Soldier cleared of breaking scythe-wielding attacker’s teeth

The court ruled that the serving AFM soldier was acting in self defence when he inflicted serious bodily harm on his attacker

(File Photo)
(File Photo)

A serving AFM soldier has been cleared of disfiguring a man who attacked him with a scythe, after a court ruled that he had punched the man in the face in self-defence.

Back in April 2009, 37-year-old Colin Farrugia was accused of inflicting grievous bodily harm on Augustine Bonello in an altercation that occurred in some fields in Mellieha.

Bonello had told Magistrate Consuelo Scerri Herrera how he had known the accused by sight, as they owned adjacent field and had seen Farrugia hunting in Bonello’s fields on a number of occasions. 

He had been driving near Selmun and, seeing Farrugia drive past, had raised his hand “to cover his face.” He said the accused must have mistaken the gesture for an obscene one, as he had turned his car around, stopped it in front of Bonello’s and proceeded to pummel him.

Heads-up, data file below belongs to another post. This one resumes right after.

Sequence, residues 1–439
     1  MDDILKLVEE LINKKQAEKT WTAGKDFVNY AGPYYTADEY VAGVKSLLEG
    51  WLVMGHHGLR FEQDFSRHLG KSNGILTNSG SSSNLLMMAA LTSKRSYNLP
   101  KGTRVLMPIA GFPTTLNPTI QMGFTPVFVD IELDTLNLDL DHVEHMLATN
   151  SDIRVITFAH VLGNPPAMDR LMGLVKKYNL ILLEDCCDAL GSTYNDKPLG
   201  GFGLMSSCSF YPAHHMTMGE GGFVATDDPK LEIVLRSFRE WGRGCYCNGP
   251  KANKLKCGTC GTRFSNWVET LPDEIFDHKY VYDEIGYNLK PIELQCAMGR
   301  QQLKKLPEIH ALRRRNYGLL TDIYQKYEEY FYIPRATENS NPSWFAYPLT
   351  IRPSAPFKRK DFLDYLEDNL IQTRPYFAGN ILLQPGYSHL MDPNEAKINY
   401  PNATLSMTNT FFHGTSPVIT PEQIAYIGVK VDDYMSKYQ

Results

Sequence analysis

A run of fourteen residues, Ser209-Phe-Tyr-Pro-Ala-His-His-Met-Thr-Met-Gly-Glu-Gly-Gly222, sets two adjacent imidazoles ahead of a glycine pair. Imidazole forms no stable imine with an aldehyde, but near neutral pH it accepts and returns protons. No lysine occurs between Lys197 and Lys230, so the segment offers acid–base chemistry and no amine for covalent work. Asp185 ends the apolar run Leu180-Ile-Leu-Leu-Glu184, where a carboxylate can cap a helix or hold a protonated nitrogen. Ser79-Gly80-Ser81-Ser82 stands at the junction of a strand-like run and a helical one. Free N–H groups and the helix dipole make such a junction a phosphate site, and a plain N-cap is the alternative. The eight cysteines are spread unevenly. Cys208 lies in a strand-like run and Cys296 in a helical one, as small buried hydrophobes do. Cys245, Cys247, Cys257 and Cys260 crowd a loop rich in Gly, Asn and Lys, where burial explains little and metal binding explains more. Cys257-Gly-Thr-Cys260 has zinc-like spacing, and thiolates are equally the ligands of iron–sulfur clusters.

Bonello suffered a broken nose, bruises and lost several teeth in the alleged assault.

But Farrugia gave an altogether different version, explaining how Bonello, who is taller and of larger build, had emerged from the car with a scythe in hand, which he proceeded to wave about. Farrugia had caught the blade of the scythe, injuring his hand and driven to the nearest police station to file a report.

He had no explanation for the fact that Bonello’s van was awash with blood when he too arrived at the police station, saying he couldn’t understand what had happened.

After conducting a detailed examination of the salient judgments and doctrines applicable to the case, namely the level of proof required in criminal prosecutions, conflicting evidence and self-defence, Scerri Herrera noted a number of contradictions and illogical statements made by Bonello.

By looking at his initial statement to police, released at the time of the incident in question, the court heard how the accused had been tending to his field when Bonello had driven past making obscene gestures and shouting insults – something he regularly did. He got into his van and drove after him “to see why he was doing this,” he said, but the driver emerged with a scythe. He had punched him in the face to defend himself and may have broken some teeth, he conceded.

The court ruled that the accused had acted in legitimate self-defence and that there was therefore, no crime to answer for. Farrugia, who told the court that he had been refused promotions as a result of the case, was acquitted of all charges.

Lawyer Edward Gatt was defence counsel to Farrugia.

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